By James DeChene
This week the Delaware Public Policy Institute released a study comparing the compensation packages between state employees and their private sector counterparts, excluding teachers and public safety officers as their compensation and benefit plans may differ from the rest of other state employees. The study found that on average, state employees receive 12.4% less in their paycheck, but that their compensation benefits package, including health care and pension, averages 53-102% over those working in the private sector.
The purpose of the study was not to make a statement as to the role state workers play, their effectiveness or to their necessity. Rather, the intent of the study was to provide budget and policy makers critical information they need to ensure Delaware’s long term fiscal health. It is conventional wisdom that state workers make a little less, but enjoy robust benefits compared to the private sector. The actual numbers surrounding how much is spent on benefits come as a surprise, however. Driven by increases in health care coverage costs and guaranteed pension funding, a large percentage of overall compensation resides in areas requiring reform.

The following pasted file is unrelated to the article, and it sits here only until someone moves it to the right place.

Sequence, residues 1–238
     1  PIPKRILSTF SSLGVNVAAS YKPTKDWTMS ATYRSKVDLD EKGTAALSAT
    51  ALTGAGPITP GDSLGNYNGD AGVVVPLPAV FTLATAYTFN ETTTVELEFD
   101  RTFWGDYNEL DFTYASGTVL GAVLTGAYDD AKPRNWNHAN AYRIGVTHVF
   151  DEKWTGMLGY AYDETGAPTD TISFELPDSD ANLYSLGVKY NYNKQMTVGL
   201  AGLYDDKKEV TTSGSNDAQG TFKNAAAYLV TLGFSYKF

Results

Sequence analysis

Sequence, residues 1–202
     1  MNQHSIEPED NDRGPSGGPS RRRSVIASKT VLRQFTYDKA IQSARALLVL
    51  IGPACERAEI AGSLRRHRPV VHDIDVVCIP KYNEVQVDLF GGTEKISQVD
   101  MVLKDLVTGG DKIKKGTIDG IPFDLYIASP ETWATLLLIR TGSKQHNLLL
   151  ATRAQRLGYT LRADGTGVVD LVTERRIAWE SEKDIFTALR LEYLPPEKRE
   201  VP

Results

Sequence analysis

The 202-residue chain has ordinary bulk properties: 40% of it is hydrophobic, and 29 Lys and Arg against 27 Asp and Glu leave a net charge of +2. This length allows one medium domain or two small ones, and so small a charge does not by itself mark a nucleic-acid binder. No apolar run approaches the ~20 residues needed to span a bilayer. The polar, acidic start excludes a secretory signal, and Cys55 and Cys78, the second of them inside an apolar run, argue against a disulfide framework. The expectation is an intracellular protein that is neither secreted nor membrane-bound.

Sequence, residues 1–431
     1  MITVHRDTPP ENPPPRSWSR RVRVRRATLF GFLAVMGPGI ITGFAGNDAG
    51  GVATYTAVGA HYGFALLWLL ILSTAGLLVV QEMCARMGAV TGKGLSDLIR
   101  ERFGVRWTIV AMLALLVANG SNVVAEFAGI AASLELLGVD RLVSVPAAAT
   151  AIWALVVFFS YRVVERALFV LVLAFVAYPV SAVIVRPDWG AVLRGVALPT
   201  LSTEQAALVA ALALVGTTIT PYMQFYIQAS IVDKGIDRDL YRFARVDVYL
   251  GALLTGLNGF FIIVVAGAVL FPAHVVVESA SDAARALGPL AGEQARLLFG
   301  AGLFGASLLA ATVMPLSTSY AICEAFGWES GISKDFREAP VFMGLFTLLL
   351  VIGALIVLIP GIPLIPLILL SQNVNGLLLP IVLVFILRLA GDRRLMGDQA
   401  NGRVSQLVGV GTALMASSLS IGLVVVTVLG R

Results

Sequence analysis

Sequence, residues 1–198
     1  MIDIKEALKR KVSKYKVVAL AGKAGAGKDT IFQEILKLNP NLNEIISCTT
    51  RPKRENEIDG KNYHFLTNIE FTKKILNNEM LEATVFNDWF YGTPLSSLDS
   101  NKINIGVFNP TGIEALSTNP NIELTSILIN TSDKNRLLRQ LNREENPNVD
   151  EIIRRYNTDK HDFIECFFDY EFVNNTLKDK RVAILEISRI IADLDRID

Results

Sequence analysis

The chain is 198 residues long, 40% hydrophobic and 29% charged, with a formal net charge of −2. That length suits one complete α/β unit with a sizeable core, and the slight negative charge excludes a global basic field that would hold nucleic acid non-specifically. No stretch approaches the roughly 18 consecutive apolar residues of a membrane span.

We hope this study is helpful for budget and policy makers to get a true and impartial sense of how the numbers look for over 52% of the budget—personnel costs. Both the Expenditure Review Committee and the Delaware Business Roundtable drew attention to these cost drivers. The State Chamber of Commerce has supported the Markell administration concept of transitioning to Health Savings Accounts for new state employees and to have state employees contribute an increased amount to their health care coverage.
The issues regarding long term financial liabilities the state faces with regards to state employee compensation are not going away, and they will continue to increase each year. This week DEFAC released their economic forecast and state revenues are not expected to increase more than 1% over the next three years. With a flat economy and escalating health care and pension costs, this issue will reach a critical mass sooner rather than later. We urge policy makers to make the difficult decisions now while they are hard versus waiting until they become impossible.